Statin Use After Acute Myocardial Infarction by Patient Complexity: Are the Rates Right?

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Abstract

Background:

Guidelines suggest statin use after acute myocardial infarction (AMI) should be close to universal in patients without safety concerns yet rates are much lower than recommended, decline with patient complexity, and display substantial geographic variation. Trial exclusions have resulted in little evidence to guide statin prescribing for complex patients.

Objective:

To assess the benefits and risks associated with higher rates of statin use after AMI by baseline patient complexity.

Research Design:

Sample includes Medicare fee-for-service patients with AMIs in 2008–2009. Instrumental variable estimators using variation in local area prescribing patterns by statin intensity as instruments were used to assess the association of higher statin prescribing rates by statin intensity on 1-year survival, adverse events, and cost by patient complexity.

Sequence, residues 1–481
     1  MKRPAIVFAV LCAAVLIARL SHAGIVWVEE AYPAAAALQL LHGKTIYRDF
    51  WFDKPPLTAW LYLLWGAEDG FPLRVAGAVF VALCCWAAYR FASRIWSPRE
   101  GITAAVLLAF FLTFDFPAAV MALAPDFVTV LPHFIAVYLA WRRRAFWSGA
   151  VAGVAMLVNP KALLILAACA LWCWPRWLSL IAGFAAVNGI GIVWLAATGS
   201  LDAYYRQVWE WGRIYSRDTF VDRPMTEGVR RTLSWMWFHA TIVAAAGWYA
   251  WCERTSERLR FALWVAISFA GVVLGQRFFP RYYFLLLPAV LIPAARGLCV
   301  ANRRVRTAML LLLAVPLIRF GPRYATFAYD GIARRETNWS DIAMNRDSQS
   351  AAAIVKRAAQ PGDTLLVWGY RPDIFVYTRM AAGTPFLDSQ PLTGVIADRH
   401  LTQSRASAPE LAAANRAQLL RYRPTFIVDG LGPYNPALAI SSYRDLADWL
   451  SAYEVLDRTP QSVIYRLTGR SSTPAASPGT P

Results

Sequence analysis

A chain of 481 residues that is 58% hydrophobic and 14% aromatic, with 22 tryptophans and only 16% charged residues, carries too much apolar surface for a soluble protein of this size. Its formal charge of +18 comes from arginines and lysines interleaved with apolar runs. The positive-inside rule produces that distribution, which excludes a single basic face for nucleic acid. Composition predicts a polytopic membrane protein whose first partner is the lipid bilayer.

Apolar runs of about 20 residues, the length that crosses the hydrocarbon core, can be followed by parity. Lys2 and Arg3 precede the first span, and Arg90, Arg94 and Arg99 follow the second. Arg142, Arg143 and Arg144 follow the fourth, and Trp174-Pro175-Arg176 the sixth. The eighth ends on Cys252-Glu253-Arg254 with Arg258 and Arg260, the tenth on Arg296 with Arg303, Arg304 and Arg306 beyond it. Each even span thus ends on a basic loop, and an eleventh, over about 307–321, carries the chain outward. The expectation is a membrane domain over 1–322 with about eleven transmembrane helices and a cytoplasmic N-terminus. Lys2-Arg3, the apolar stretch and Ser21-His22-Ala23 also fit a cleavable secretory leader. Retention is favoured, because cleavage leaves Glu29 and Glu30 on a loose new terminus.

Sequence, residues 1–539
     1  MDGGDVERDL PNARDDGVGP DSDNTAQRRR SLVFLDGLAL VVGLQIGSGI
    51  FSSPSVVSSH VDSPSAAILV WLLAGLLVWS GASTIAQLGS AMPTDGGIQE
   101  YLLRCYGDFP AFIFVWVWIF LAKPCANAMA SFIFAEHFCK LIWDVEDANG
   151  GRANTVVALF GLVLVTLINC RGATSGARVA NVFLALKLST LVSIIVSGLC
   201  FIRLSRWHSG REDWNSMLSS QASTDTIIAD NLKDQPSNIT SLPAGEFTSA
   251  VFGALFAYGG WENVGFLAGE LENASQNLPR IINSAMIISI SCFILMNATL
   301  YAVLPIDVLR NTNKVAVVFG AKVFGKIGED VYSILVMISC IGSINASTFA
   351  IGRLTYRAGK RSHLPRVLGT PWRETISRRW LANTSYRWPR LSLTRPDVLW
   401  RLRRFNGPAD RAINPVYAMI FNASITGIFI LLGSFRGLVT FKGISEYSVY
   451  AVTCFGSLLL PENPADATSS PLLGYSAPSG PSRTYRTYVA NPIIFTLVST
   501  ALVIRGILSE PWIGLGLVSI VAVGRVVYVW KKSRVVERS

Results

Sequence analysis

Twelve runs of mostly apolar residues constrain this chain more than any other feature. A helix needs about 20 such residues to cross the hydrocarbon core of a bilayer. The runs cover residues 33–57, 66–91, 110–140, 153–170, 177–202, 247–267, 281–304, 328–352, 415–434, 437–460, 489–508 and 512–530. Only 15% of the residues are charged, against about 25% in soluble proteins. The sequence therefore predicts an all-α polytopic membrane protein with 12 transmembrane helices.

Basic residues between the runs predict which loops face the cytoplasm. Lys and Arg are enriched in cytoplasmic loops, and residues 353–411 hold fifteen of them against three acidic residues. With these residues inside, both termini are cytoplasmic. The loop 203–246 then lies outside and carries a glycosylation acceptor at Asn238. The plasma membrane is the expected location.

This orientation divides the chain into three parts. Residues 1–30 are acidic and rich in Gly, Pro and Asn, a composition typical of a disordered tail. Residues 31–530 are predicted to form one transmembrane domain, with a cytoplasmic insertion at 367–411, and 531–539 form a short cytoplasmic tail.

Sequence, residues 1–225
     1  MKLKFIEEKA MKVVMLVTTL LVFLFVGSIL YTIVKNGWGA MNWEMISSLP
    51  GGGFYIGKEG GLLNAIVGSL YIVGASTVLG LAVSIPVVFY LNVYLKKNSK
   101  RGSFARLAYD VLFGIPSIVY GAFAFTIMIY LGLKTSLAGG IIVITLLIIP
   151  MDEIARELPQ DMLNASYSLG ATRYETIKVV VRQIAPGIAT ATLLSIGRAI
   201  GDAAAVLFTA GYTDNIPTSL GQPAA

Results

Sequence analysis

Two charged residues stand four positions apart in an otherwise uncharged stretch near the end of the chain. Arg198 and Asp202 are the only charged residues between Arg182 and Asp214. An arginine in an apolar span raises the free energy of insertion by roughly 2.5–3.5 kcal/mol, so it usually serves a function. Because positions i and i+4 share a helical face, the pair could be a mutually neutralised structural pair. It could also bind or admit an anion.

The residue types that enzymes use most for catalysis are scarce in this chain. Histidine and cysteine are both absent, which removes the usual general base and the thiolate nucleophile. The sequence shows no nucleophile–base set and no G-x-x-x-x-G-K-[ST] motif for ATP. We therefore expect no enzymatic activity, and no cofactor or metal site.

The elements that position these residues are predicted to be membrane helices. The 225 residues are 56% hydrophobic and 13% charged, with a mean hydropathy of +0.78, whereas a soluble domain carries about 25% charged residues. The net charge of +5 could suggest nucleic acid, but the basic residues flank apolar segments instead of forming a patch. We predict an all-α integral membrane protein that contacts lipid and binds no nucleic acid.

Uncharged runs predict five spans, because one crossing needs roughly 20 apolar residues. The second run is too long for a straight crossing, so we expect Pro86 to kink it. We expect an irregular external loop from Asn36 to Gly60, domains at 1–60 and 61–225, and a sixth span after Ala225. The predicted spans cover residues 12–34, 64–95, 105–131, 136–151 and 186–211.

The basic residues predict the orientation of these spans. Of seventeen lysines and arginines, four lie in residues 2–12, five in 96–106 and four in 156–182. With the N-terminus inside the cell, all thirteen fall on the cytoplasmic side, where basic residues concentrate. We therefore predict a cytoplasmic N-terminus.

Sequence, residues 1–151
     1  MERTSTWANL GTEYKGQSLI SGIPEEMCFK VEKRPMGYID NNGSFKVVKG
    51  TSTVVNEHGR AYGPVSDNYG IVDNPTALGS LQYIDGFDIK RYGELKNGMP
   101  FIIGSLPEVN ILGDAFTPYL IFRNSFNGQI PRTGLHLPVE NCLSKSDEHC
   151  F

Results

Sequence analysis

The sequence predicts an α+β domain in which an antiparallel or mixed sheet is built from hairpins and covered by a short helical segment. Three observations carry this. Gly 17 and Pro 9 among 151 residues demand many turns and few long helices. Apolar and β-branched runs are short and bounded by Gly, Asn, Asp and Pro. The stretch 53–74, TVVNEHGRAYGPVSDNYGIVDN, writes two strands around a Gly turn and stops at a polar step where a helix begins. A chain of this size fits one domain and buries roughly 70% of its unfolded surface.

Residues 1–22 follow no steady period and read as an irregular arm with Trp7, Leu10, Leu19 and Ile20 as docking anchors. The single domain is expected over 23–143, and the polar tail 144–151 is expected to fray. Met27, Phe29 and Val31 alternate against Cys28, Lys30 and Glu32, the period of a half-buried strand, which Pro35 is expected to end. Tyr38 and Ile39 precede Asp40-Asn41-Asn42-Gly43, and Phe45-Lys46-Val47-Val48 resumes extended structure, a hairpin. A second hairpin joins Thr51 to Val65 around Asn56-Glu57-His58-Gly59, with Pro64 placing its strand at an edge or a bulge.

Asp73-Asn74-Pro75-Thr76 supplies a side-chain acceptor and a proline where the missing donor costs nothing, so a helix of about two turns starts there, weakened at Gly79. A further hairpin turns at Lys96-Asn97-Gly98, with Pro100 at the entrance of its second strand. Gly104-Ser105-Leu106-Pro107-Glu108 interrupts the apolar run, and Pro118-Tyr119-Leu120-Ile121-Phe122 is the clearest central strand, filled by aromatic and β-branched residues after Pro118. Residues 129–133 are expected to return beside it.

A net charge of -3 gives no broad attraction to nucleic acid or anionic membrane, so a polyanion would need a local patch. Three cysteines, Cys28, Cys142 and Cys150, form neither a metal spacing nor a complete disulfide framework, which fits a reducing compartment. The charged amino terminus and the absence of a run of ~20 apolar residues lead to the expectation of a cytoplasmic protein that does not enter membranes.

Results:

Providers seem to have individualized statin use across patients based on potential risks. Higher statin rates for noncomplex AMI patients were associated with increased survival rates with little added adverse event risk. Higher statin rates for complex AMI patients were associated with tradeoffs between higher survival rates and higher rates of adverse events.

Conclusions:

Higher rates of statin use for noncomplex AMI patients are associated with outcome rate changes similar to existing evidence. For the complex patients in our study, who were least represented in existing trials, higher statin-use rates were associated with survival gains and higher adverse event risks not previously documented. Policy interventions promoting higher statin-use rates for complex patients may need to be reevaluated taking careful consideration of these tradeoffs.

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